All three races - 5K, 10K, 20K - shared the same starting point, with the 20K taking off the earliest. For the first half a mile, while winding our way through the uphill casino parking lot, everybody passed me. Well, not quite everybody. A couple of 70-year-olds passed me just a bit further.
The course, marked by tiny orange flags, was easy to identify, but running is was a whole different proposition. Off it went, along track tires and ravines, across ditches and arroyos, over gravel and rock, left and right, up and down, incessently. The first mile marker I noticed was the 5K turnaround. It was incomprehensible to me I was just 1.5 miles into the nightmare.
At mile 3 two boys passed by with such velocity I inferred they could not have just lagged behind, they were the winners of the 10K, striving for the turnaround. Seconds later I saw them again flying by from the opposite direction, God bless them, they had half of their thing behind them. I never envied anybody as much.
An endless ordeal later, I crossed paths again with a few lonely figures, and I computed, shocked, these were the winners of my 20K, their turnaround already behind them. One of them was familiar - a guy with dark shades I had encountered repeatedly on my week-end runs on the Academy track. We always exchanged glances before, but never said hello. This time we did. It was a kind of highpoint.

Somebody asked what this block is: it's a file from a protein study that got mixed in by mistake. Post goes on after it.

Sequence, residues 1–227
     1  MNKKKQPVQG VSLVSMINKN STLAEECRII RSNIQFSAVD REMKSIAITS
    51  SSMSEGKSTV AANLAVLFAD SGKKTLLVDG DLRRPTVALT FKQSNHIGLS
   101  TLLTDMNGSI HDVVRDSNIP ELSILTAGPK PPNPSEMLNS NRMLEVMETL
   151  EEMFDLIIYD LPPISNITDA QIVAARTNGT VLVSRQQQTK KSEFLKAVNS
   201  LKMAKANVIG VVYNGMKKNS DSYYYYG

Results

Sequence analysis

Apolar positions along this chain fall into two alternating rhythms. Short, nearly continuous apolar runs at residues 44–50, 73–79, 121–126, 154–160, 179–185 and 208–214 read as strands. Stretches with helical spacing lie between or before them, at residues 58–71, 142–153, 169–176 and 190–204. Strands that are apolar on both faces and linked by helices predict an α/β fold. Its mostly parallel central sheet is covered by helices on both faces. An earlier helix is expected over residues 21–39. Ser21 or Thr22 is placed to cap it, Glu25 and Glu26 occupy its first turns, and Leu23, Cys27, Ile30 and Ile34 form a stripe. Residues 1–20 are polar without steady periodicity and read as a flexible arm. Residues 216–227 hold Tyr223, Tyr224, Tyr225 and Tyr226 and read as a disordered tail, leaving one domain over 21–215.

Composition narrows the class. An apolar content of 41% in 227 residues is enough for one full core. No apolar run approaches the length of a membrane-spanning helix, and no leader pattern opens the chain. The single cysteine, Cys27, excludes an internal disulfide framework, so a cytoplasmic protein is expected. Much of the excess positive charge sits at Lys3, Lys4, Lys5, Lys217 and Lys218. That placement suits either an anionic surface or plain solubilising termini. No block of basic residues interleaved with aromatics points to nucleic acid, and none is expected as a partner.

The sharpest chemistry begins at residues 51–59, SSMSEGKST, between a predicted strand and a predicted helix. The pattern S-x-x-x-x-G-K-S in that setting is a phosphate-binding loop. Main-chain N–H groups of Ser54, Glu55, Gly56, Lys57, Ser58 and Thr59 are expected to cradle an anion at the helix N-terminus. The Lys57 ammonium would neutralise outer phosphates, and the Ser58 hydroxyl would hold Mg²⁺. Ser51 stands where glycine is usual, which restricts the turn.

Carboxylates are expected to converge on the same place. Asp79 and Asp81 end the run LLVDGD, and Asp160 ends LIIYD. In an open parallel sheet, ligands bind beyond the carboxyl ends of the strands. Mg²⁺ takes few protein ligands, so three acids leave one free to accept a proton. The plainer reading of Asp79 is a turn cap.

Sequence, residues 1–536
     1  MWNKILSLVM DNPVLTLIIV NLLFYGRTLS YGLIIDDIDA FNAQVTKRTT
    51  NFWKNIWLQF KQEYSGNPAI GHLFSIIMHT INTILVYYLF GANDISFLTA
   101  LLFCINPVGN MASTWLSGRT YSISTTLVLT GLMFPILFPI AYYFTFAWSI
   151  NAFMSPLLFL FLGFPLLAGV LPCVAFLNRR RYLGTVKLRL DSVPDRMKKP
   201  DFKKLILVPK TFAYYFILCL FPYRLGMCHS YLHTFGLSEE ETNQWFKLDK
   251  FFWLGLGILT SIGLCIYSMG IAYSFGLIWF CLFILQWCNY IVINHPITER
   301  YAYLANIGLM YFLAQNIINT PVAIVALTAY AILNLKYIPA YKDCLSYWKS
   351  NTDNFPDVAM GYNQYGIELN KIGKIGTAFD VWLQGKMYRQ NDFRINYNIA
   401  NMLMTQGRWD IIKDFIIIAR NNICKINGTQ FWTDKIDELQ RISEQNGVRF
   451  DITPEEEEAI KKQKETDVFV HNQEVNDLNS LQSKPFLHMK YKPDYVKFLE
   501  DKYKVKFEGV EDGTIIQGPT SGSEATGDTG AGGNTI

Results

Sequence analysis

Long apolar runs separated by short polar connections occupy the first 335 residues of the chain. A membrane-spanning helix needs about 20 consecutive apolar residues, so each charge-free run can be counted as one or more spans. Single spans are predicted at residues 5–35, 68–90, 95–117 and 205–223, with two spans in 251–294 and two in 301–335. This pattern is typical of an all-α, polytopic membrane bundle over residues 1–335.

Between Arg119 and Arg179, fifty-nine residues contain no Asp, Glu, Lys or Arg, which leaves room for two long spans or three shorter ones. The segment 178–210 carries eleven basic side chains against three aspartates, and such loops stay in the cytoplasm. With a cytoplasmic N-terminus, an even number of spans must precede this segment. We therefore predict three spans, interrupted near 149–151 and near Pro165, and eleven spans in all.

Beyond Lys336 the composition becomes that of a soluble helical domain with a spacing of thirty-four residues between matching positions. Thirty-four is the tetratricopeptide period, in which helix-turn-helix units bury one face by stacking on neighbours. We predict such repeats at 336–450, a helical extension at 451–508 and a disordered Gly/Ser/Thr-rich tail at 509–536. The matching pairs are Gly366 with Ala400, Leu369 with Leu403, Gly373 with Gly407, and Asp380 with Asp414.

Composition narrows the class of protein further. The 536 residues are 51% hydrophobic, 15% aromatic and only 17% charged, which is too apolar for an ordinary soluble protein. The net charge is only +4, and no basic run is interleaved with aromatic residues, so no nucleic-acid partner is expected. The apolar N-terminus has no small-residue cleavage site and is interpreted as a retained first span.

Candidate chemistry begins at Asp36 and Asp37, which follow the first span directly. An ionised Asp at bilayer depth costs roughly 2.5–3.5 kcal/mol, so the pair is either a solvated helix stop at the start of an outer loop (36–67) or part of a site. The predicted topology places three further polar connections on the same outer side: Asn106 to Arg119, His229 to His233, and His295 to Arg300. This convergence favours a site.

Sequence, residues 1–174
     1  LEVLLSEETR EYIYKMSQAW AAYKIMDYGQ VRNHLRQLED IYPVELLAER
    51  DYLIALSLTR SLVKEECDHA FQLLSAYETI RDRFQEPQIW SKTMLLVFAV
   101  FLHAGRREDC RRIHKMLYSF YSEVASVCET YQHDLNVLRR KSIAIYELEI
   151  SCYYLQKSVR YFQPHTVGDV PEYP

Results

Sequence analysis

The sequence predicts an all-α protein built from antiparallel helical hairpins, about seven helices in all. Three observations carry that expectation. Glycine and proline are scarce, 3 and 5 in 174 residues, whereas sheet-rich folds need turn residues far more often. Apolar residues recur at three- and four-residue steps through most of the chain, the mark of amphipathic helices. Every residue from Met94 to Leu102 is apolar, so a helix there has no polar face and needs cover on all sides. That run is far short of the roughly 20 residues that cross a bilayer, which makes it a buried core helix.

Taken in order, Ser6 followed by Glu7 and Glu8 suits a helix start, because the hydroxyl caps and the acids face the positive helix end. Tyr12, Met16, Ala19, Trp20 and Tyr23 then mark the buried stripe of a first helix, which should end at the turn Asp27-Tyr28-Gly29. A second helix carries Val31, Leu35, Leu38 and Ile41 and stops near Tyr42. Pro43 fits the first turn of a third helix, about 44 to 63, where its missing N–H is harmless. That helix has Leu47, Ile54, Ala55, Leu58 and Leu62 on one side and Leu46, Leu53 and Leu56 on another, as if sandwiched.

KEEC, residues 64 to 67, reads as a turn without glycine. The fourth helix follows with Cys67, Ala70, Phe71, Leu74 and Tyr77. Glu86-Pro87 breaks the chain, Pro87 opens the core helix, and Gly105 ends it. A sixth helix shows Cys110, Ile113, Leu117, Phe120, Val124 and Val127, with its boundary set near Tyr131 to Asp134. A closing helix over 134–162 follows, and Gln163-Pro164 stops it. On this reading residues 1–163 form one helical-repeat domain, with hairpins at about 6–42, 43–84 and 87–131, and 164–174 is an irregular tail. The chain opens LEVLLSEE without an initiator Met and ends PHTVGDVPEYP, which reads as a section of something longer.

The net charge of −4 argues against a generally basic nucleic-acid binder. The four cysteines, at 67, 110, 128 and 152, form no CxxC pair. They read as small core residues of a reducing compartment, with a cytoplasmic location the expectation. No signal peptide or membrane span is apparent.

Next I saw the five mile marker, and I could have sworn I saw it before, one mile behind, but I had no way to prove it. A pebble had nestled in my shoe. I did not feel like sitting down in the desert convening with rattle snakes while I fished it out. Actually, to say the truth, I did not mind the rattle snakes as much. I feared that, if I sat down, I would not have the strength to get up again.
By mile six I was done, ready to lie down and forget about everything. But I was already on one of the turnaround loops, halfway through, and it occurred to me, no matter what I did, I could not just hang out there, in the middle of nowhere. Some way or another I had to find my way back, whatever it took. The right knee had started to bother me, but at that time every ounce of me was so immersed in discomfort, it did not make any difference anymore.
I was so far behind the contingent in front of me, I could not spot anybody on the entwined loops. Long ago, the city had fallen silent behind me, and the distant roar of the highway had died. I could hear my own ragged breath, and the cries of birds splintering thin air. The range of the mountains glittered in refracted light, and nothing existed besides the desert and me.
I do not know how I made my way back. It was easier than the first half, since the gist of return was downhill, but here we went again, across arroyos and ditches, right and left, down and up, endless miles. The heat was burning in my face, and I could not understand why I would ever want to run a marathon again.
I was one of the last to cross the finish line. They had already dismantled the triumphant gate of grape-colored balloons in burgungy and green. I even had a hard time finding a bottle of water. I finished in 2 h 25 min 20 something seconds, didn't even bother to check out my time, overall pace between 11.5 and 12, my worst race ever.
But I ended up feeling good. I do not mean simply the phsysical part. My limbs were still loose, and I laughed with my boyfriend at the pathetic performance, amazed and grateful I didn't break an ankle or twisted my spine, with all those ravines. Besides and beyond all that, I was happy about the cruel exertion.